Meeting date: Wednesday, June 2, 2021
Meeting of the Parliament (Hybrid) 02 June 2021 [Draft]
Agenda: National Qualifications 2021, Economic Recovery, Business Motion, Parliamentary Bureau Motions, Decision Time
- National Qualifications 2021
- Economic Recovery
- Business Motion
- Parliamentary Bureau Motions
- Decision Time
National Qualifications 2021
Good afternoon. I remind members that social distancing measures are in place in the chamber and across the Holyrood campus. Please observe those measures, including when you enter and exit the chamber, and please only use the aisles and walkways to access your seats and when you move around the chamber.
The first item of business is a statement by Shirley-Anne Somerville on national qualifications 2021. The cabinet secretary will take questions at the end of her statement. There should therefore be no interventions or interruptions.14:00
I welcome this opportunity to provide an update on the awarding of qualifications this year.
It is a privilege, as well as a huge responsibility, to have returned to the portfolio at such a critical time for Scottish education. The exceptional level of collaboration in supporting our learners, particularly during the pandemic, has been striking. I am determined that such constructive engagement be maintained.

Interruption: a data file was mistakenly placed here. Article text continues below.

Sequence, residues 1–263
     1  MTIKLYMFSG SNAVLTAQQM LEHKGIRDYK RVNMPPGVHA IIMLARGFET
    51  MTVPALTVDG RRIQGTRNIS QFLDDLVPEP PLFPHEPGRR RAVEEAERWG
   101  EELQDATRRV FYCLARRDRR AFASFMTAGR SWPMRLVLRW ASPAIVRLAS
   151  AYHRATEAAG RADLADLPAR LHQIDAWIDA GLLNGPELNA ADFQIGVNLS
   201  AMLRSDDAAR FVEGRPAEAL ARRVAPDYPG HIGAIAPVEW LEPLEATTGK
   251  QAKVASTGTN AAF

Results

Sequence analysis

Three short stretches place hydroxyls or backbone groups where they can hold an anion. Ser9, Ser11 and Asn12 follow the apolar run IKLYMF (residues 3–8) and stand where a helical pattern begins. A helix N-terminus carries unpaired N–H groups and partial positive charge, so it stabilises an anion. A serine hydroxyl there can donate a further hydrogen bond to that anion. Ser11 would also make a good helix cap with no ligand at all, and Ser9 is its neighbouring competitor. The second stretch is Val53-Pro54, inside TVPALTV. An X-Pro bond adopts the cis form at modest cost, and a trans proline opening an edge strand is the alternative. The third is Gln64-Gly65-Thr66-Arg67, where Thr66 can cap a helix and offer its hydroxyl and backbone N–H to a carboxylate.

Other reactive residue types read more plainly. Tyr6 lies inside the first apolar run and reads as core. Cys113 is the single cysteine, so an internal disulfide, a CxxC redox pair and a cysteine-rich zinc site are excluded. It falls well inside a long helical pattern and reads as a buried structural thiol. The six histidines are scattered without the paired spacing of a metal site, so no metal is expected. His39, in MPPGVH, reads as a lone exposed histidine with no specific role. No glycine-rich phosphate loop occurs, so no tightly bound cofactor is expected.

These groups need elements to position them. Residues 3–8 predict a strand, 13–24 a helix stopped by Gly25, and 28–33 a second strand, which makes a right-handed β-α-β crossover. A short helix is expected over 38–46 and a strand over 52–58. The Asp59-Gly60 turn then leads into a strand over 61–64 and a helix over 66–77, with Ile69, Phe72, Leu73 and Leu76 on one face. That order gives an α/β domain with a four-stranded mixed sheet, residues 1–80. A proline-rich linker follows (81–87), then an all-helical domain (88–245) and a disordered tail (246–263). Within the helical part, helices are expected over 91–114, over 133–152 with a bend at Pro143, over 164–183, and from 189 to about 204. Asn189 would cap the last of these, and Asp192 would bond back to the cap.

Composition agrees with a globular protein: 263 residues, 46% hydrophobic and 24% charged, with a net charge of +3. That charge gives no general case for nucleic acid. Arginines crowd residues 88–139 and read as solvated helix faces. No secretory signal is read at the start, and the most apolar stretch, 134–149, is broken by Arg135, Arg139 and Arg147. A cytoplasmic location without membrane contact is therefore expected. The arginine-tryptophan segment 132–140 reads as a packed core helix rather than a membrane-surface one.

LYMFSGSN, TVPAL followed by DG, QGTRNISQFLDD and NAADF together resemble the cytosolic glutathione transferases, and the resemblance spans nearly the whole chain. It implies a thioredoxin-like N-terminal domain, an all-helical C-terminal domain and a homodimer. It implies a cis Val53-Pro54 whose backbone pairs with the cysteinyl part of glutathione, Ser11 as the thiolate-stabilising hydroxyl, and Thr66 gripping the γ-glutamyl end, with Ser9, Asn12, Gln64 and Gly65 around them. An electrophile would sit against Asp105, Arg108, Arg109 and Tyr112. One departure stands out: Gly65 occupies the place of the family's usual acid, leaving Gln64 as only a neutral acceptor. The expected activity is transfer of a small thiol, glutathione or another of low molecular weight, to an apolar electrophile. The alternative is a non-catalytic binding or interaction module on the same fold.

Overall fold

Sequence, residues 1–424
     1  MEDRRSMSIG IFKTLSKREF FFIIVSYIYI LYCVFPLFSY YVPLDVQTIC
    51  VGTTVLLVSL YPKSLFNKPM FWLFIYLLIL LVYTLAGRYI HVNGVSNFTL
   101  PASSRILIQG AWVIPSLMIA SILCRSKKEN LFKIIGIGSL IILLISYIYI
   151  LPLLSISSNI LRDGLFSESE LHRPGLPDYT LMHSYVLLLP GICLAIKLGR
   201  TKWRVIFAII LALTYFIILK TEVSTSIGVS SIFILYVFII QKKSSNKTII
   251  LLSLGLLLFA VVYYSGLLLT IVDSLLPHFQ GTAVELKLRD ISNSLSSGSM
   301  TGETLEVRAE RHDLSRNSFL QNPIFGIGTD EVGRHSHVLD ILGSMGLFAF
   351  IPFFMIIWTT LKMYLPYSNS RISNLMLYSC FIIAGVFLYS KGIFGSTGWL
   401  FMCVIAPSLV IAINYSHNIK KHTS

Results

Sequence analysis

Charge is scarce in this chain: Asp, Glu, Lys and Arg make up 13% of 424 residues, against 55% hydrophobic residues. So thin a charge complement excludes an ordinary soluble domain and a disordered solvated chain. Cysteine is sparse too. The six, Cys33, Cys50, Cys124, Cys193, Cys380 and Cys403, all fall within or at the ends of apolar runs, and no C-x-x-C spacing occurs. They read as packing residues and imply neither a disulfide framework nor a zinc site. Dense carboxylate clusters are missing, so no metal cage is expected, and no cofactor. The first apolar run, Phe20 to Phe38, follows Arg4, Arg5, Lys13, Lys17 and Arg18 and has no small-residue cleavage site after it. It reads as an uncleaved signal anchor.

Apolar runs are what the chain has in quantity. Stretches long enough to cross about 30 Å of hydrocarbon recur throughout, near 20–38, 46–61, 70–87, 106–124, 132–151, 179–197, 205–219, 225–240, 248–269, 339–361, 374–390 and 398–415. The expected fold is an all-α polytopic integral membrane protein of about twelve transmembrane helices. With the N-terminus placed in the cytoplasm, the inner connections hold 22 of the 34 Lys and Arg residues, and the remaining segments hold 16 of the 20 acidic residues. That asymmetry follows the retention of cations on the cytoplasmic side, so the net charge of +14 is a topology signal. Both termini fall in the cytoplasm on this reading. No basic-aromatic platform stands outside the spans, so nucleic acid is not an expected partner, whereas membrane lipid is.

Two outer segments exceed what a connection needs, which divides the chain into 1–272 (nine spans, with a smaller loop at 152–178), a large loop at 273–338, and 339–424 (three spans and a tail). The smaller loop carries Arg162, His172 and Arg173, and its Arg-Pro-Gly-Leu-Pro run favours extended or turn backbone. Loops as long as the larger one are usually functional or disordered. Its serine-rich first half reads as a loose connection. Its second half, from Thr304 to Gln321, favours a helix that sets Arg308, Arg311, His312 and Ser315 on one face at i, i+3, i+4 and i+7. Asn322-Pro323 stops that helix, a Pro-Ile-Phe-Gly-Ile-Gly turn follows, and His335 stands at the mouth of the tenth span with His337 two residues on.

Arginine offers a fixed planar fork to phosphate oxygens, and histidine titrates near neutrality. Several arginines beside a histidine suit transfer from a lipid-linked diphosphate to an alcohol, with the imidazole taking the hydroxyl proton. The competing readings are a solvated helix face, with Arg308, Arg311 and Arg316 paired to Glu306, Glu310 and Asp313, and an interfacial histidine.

Ensuring that our young people are kept safe and are able to achieve fair and credible grades in spite of the most challenging of school years has been, and remains, this Government’s absolute priority. I take very seriously the anxiety and concern that some young people, parents and teachers have voiced about the approach that is being taken—an approach that I and key stakeholders across our system firmly believe to be the fairest possible for our young people, in the challenging circumstances that result from the pandemic.
In responding to the concerns that I have heard, my statement will restate key principles about the model, provide detail on the support that is available to learners, set out how this year’s appeals process will work to support learners, acknowledge work to safeguard opportunities for this year’s learners to progress to further and higher education, and provide an update concerning the Organisation for Economic Co-operation and Development review of the curriculum.
The disruption that has been generated by the Covid-19 pandemic has caused this year’s national 5, higher and advanced higher exams to be cancelled. The national qualifications 2021 group was established in October 2020, with representatives of teachers, learners and parents working alongside local authorities, the Scottish Qualifications Authority and the Government to ensure that the hard work of learners can be fairly acknowledged. The group agreed and co-produced the model for this year, using its members’ insight and expertise. Education partners continue to support the approach.